Over the last 3 years, we’ve had quite a few people walk through our doors at Ageless. We’ve made a lot of friendships that wouldn’t have been possible without the gym. We’ve also learned a lot from those friendships. One particular friendship has become an extremely valuable learning experience. In fact, over the last 2.5 years, I think I’ve learned more from this athlete than she’s learned from me.
Abbie Cline is successful. She has the rewards and accomplishments to prove it. However, her greatest asset isn’t genetics, talent, or God-given ability. No. Her greatest asset is her mindset. It’s something I struggled with as an athlete, and it’s something I see young athletes struggle with often. Professor Carol Dweck, author of Mindset, would say Abbie has a growth mindset. So does Tiger Woods, Michael Jordan, and Mia Hamm. In fact, it’s not just an asset successful athletes have, but it’s been found in almost every successful person, from artists to teachers to billionaire entrepreneurs.
Unlike most of us, Abbie not only accepts failure, but she full expects it. She understands that if she continually challenges herself she’ll eventually fail. It’s what successful people do. They take their talents to very edge, and stretch them as far as they can. That’s how they grow and improve. Michael Jordan said it best, “I can accept failure; everyone fails at something. But I can’t accept not trying.” Legendary Coach John Wooden also understood it. Rarely would he ever discuss winning in his pregame speech. In fact, he rarely discussed winning at all. Instead he focused on motivating his players to continually grow and work as hard as possible. Mistakes were inevitable. It’s part of the learning process. According to Coach Wooden, some of his proudest moments weren’t after winning national championships, but came after losses when one of his much less talented teams gave everything they had and still came up short.
I’m lucky enough I get to witness the growth mindset firsthand. I’ve had over 250 workouts with Abbie over the last 2.5 years, and not once have I ever heard say “I can’t.” I give her a new, progressively harder exercise, she fiddles around with it for a week or 2 looking like an amateur, and then she masters it. No excuses. No ego. Fail. Learn. Grow. That’s what successful people do.
How does she do it? How can she continually look at failure as a learning opportunity and never get depressed or lose confidence? I don’t know. My guess is she has a strong belief that genetics may determine the starting line, but hard work determines the finish line. She’s more interested in the
becoming, rather than the being. She also probably realizes that some of the best baseball players in the world fail 7 out of 10 times at the plate. Michael Jordan, the greatest basketball player of all time, missed 1 out of every 2 shots in front of millions and millions of people on a daily basis.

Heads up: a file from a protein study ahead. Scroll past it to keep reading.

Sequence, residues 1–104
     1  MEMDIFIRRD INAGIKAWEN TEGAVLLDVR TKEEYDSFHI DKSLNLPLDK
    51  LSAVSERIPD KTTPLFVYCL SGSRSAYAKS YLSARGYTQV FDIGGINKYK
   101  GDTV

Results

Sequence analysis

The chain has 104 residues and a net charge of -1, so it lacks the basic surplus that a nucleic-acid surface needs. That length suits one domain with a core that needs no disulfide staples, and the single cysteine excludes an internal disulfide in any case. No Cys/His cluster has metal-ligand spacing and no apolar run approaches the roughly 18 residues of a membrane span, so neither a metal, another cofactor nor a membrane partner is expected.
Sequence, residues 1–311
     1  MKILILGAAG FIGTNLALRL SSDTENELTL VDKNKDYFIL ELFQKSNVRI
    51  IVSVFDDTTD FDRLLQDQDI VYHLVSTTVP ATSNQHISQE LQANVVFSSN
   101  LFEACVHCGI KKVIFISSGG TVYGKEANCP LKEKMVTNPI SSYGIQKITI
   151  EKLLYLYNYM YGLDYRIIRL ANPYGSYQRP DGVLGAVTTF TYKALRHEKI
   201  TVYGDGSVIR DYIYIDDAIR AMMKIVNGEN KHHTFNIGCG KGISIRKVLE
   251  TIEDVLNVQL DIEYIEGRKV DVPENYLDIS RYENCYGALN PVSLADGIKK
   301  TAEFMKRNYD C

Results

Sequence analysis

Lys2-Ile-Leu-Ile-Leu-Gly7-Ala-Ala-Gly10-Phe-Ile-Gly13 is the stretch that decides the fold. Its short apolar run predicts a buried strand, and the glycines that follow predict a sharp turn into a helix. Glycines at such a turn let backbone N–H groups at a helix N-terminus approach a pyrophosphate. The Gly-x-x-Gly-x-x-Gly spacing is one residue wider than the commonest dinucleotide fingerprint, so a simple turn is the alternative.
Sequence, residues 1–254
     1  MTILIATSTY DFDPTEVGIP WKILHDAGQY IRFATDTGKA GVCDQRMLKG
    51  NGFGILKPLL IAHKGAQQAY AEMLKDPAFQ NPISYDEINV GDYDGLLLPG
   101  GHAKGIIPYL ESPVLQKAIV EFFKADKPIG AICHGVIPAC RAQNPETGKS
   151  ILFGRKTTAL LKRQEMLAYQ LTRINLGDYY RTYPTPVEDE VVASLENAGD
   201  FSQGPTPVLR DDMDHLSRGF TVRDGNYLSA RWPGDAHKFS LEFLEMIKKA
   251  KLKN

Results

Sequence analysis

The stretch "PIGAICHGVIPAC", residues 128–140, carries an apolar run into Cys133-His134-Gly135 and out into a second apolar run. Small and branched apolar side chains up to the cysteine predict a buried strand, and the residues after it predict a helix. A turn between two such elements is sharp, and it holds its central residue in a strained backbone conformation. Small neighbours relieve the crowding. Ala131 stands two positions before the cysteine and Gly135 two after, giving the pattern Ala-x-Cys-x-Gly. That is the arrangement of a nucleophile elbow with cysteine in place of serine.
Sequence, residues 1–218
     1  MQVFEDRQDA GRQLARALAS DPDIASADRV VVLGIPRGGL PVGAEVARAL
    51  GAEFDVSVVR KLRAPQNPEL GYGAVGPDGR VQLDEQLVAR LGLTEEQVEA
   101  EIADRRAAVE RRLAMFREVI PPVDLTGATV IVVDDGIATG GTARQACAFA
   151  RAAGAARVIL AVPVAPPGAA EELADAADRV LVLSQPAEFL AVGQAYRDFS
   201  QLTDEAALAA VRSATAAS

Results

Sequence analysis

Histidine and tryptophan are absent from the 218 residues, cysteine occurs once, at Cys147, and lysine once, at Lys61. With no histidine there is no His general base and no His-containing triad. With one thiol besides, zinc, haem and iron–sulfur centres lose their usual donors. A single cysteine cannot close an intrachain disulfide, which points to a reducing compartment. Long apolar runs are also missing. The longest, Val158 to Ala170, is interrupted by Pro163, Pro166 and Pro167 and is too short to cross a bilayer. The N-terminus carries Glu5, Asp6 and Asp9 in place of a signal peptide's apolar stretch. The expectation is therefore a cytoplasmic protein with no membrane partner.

Most people will look at her from afar, and see her numerous achievement and brush it off as genetics. They say the same thing about Michael Jordan (even though he was cut from his first basketball team) and Tiger Woods (even though his dad had him golfing as soon as he could walk). It’s the easy answer because her accomplishments are impressive. She’s one of the best high school softball players in the area and recently accepted a full scholarship to play at Division I Austin Peay. She also excels in academics, a candidate for Valedictorian. Her feats in the weight room are just as impressive. At around 125lbs, she’s deadlifting almost 300lbs and benching almost 160lbs.
The critics, the ones with a fixed mindset, say she must be blessed because everything looks like it comes so easy for her. She’s a natural they say. What they don’t see, or actually care to see is the work she puts in. She’s been working out with us at Ageless since she was a sophomore. She’s logged around 3 sixty minute workouts per week for the last 2.5 years. Those workouts came after softball and volleyball practices, 8 hours of school, student council meetings, IMPACT’D meetings, scholar bowl matches, and every other organization’s commitments she’s a member of. She also plays summer softball almost every weekend from the time her high school season ends until it gets too cold to play in October.
The reason is not genetics but HARD work. Do you know how many athletes I’ve seen walk through our doors that have had more physical gifts than her, yet aren’t half as successful as she is because they don’t have the right mindset? I’ve lost count. I had a handful just over this past summer.
But this article isn’t about sports. It’s about life in general. I guarantee Abbie will be successful in any profession she chooses to pursue, even if she does struggle with it at first. She already has the rightt mindset to overcome any obstacles or setbacks she may encounter. That’s exactly why I try to have as many of my young athletes work out with Abbie as I can. I hope her mindset rubs off on them. I hope they see how dedication and hard work results in success. I hope that success breeds success. I guarantee they won’t see one thing: excuses. She doesn’t have any time for them. She’s working too damn hard!